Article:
We absolutely love when Siena alumni return to campus—whether it’s to speak to students or to simply say hello. In addition to reminiscing and updating them with what’s new about their alma mater, we get to hear firsthand where their education is taking them in life. And if we have to be honest (which we always are!), we’re never disappointed. In fact, we’re constantly beyond impressed. Such was the case with Stephen Gilbert ’85, who recently stopped by to chat with students about his journey from math major to world traveler as senior vice president of architecture at Burberry. Since prospective students weren’t present, we thought we’d sit down with him and ask a few questions you might want to know. Take a look…
What exactly do you do for Burberry?
My position with Burberry includes design, what we call architectural technology, construction and the analytics of retail, which is done by my store network services group. It’s a broad role of building, analyzing and designing stores in all channels of distribution, from flagship stores in major cities down to outlet stores in suburban areas.
Did you know you wanted to work in architecture when you were at Siena?
I did not, hence my lecture today on unexpected journeys. I actually started out as a declared accounting major, then switched to mathematics. But because I was a math major, which can be intense, each semester I usually took one class that was very unrelated to anything mathematical. One year I took music theory, for example. And then I ended up taking History of Art and Architecture—which is what sparked the desire to go into architecture, as opposed to engineering. So, after I graduated, I went to graduate school for exactly that.
Can you tell us a little about your liberal arts experience and how you ended up at Siena?
What I loved about Siena is that you get this broad spectrum of education here. I loved my religion classes, my required classes…I think it allows students to really explore what life is really about. It’s not just about what you do for a living; it’s about broadening your scope to community, the arts, theatre and so forth. And also, my parents drove through the campus once and said “this is it, you’re going here. It’s the perfect school for you.” It was just a feeling they got. And they were right. I actually met three people on the first day of orientation and we’re still friends to this day.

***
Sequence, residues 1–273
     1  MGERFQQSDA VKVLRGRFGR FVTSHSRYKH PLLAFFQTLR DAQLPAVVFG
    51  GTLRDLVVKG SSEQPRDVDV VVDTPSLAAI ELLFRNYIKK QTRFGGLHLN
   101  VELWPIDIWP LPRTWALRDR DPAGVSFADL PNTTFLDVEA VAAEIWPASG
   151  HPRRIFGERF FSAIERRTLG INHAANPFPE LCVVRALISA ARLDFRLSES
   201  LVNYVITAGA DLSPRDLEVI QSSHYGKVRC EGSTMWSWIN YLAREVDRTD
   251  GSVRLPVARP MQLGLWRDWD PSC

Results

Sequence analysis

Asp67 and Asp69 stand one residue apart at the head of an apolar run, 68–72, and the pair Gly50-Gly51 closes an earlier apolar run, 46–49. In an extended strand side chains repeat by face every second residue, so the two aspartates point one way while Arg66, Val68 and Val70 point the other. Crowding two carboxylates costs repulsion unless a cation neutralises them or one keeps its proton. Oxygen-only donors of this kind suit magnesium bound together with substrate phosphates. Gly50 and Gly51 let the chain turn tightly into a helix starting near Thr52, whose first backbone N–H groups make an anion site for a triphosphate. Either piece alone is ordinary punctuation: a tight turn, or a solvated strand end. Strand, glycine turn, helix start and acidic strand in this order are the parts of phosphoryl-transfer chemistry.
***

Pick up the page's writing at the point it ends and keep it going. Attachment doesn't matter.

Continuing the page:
Does what you learned at Siena—values, skills, etc.—still impact you today?
Absolutely. As soon as I was settled into my first job, I knew it was time to do what I learned to do at Siena and give back—so I volunteered at a homeless shelter. And I knew how to balance life with work because of Siena. Now at Burberry, I can appreciate the philanthropic efforts we do here through programs that mentor children, fix parks and so on.
I also think it has helped me with my travels. My career takes me all over the world, and when you travel, you really have to be sensitive to other people’s cultures. You have to listen, respect and understand how others live. To that end, I think that sort of people piece of Siena’s education is something I use every day.
For prospective students who aren’t quite sure what they want to do with their lives, what’s your advice?
Work hard and follow your gut instinct. What’s great about a liberal arts college is that you can change directions. Build off of your past—what did I learn from this, where am I taking this—and build skill upon skill. A wise boss told me once to never be more than you are, know what you’re good at and know what you’re bad at.
Without thinking too much, what’s the first word that comes to mind when you think of Siena?
Special. Siena was one of the greatest experiences of my life. It’s such a close community. I could never replace it and I could never forget it.
Thanks so much to Stephen for chatting with us. Now it’s your turn—contact admissions today to talk more about what makes Siena special.